• the use of certain medications, including corticosteroids, anabolic steroids, narcotics, benzodiazepines, progesterone (found in some female hormonal pills) and illicit drugs such as amphetamines;
  • alcohol, which has short-lived and possibly long-lasting depressive effects.
  • It is essential to recognize that depression is not a condition that we can “recover” from on our own, and it is not because of personal weakness or the unwillingness to cope with the situation. .

Symptoms and Complications

Although we all feel sad at times, a diagnosis of clinical depression (major depression) is made when a person observes at least 5 of the symptoms listed below (one of them must be a depressed mood or a loss of interest or pleasure in daily activities) most of the time for at least 2 weeks:

  • a depressed mood (sadness);
  • loss of interest or pleasure in daily activities;
  • changes in appetite or changes in body weight;
  • tiredness or lack of energy;
  • insomnia (difficulty sleeping) or chronic excess sleep;
  • noticeable changes in activity level (anxious restlessness or slow reflexes);
  • a feeling of self-worth or guilt;
  • difficulty concentrating or making decisions;
  • recurring thoughts of death or suicide.

Other symptoms of depression may appear, including:

  • loss of interest in work and other activities;
  • a withdrawal into oneself which consists of avoiding family members and friends;
  • irritability;
  • a tendency to cry easily;
  • hallucinations (the perception of phenomena that do not actually exist);
  • irrational beliefs
  • muscle and body pain, such as headache, joint pain, or abdominal pain (some people have these symptoms rather than feeling sad).

Clinical depression can be of varying severity. In its extreme forms (eg with suicidal thoughts) it can be life threatening and therefore requires immediate medical attention.

Symptoms of other forms of depression, while generally milder, can still have negative effects on a person’s daily activities and quality of life.

People at risk

No one is safe from depression. But the following people would be slightly more at risk.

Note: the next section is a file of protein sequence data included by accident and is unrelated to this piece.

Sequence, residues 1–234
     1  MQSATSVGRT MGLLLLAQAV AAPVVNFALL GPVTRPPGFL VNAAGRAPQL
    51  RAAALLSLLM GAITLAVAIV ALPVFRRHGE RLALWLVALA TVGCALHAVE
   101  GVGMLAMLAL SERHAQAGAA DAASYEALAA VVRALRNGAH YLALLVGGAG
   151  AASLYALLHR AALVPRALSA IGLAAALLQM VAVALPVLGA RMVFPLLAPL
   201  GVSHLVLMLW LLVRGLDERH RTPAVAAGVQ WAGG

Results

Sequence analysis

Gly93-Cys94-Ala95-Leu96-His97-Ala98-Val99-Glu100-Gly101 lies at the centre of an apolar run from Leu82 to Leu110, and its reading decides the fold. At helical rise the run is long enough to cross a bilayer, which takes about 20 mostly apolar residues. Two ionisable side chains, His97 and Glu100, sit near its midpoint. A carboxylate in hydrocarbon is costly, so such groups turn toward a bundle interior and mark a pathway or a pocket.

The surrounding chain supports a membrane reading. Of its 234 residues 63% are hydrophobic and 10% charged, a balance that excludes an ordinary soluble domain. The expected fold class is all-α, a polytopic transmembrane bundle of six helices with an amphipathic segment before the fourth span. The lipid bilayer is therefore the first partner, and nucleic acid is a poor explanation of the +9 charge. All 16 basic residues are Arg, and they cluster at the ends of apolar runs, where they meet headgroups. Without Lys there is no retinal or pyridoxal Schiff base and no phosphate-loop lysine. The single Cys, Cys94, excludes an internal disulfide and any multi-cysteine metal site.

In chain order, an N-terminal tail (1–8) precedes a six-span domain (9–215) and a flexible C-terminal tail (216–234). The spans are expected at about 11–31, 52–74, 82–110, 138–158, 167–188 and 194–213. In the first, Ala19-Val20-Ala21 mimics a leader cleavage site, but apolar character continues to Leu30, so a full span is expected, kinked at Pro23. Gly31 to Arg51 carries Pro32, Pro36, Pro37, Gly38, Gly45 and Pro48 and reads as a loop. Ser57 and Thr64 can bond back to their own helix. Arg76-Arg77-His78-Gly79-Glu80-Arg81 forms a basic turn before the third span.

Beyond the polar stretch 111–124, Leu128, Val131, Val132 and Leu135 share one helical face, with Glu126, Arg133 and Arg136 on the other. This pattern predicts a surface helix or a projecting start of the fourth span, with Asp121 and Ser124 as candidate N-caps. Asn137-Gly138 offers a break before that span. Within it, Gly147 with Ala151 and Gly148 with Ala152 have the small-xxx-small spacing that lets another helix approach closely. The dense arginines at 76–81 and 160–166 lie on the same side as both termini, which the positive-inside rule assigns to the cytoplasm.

• People with a family or personal history of depression.
  • People who are taking certain medications, such as psychostimulants, steroids, corticosteroids, anabolics, anticonvulsants, or the birth control pill. This is because the progestins in the birth control pill can affect mood. If so, discuss it with your doctor.

From a sociological perspective, the following groups are more affected by depression:

  • Women: about twice as many women as men will experience depression at least once in their lifetime, although some marginal studies have sometimes found an equivalent frequency in both sexes. Women are more likely than men to see a doctor when they have symptoms of depression, which may partly explain why they are more often diagnosed with the disease. The hormonal system of women, more likely to influence the chemistry of the brain; thus, menopause can be associated with the onset of depression;
  • people living in poverty and victims of domestic violence.
  • Men living alone 90.
  • Young people: The first depression often occurs in late adolescence or early adulthood. Suicide is the second leading cause of death among young people, after road accidents.
  • Old people. Between 15% and 20% of the elderly experience periods of depression. They often go unnoticed.

Among the possible causes:

  • loneliness;
  • the death of a spouse or friends;
  • physiological factors associated with aging, such as a significant drop in serotonin as well as other metabolic changes;
  • undernourishment, which can cause nutritional deficiencies contributing to depression (especially folic acid and vitamin B12).
  • Homosexuality. Several data, including a large cohort study in New Zealand, indicate that gays, lesbians and bisexuals are at higher risk for mental health problems, and more specifically for depression, anxiety disorders and suicidal behavior.
  • People with chronic illness. Having chronic pain (migraine or back pain, for example) or a disabling illness (diabetes, stroke, etc.) greatly increases the risk of depression, especially in young people.


To diagnose depression, your doctor will ask you questions about the symptoms you are experiencing and their severity. Your doctor will likely perform a physical exam and order blood tests to make sure that an underlying condition is not responsible for your symptoms.